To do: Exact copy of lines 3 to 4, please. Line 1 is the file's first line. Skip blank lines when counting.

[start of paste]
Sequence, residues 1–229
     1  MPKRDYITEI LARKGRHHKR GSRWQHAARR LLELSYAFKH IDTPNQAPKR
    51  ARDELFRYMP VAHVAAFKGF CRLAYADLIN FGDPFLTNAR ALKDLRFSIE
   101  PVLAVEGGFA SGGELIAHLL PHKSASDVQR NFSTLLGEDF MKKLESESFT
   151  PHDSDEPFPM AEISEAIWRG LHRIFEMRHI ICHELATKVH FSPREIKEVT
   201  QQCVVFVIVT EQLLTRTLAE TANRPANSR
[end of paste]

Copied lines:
    51  ARDELFRYMP VAHVAAFKGF CRLAYADLIN FGDPFLTNAR ALKDLRFSIE
   101  PVLAVEGGFA SGGELIAHLL PHKSASDVQR NFSTLLGEDF MKKLESESFT